“For you shall go out in joy and be led forth in peace; the mountains and the hills before you shall break forth into singing, and all the trees of the field shall clap their hands.”
Recently, I mentioned to Katherine that it was time to resume Unfinished1, and now am compelled all the more, given the current crisis we find ourselves in. Until the ban is lifted, I will offer these on Thursdays, but then after, on Saturdays.
The picture below is taken from the northwest corner of our home. On either side grow two different types of Magnolias. The white-flowered tree on the right is a Star Magnolia, and the purplish-pink (my favorite) is a Japanese Magnolia. Both majestically adorn our house each year, along with compliment of Daffodils that will soon be joined by Lillies.
Because the world is fallen, more than a virus taints what God created to be good. Natural disasters, human trafficking, oppressive governments, injustice, poverty, violence, and death, to name a few, are with us every day. And they will be until Jesus returns and makes everything new.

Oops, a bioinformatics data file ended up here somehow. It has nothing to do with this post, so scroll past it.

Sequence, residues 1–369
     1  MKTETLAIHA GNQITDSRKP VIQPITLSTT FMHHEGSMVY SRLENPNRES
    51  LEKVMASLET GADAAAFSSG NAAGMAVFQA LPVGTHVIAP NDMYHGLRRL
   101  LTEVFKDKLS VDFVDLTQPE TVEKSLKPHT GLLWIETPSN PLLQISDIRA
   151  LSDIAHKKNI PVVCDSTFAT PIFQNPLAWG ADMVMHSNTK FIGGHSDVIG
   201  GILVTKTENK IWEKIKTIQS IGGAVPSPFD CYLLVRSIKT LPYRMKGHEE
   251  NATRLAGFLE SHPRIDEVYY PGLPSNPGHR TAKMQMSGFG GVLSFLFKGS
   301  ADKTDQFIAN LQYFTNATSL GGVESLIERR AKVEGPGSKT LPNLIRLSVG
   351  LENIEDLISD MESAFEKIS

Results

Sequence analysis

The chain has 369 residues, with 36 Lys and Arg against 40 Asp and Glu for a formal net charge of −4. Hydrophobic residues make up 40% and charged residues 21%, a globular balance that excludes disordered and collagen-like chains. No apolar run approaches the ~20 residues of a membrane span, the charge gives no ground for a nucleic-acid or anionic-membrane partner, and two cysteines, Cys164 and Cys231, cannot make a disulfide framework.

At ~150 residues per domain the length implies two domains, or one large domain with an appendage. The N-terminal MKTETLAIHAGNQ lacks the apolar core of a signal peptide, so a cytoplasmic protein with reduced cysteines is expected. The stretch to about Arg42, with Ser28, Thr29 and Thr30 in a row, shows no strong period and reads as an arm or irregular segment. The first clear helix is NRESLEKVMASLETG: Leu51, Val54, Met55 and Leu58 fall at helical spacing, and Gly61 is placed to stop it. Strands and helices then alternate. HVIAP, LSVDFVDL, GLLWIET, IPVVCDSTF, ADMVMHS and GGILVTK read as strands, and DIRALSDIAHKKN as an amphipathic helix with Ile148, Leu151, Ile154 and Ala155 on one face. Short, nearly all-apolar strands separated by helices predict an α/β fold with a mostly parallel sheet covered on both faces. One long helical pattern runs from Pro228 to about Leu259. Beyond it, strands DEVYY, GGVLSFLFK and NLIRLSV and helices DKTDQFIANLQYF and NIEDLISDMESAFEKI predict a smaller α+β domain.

But just outside our door, beauty always awaits. Theologians refer to this as general or natural revelation. For all who observe, creation serves up hints of God’s existence, and of what will one day be. It is almost as though God adorns creation to be like a flower girl at a wedding, announcing that as beautiful as the setting is, something more spectacular awaits. And it does!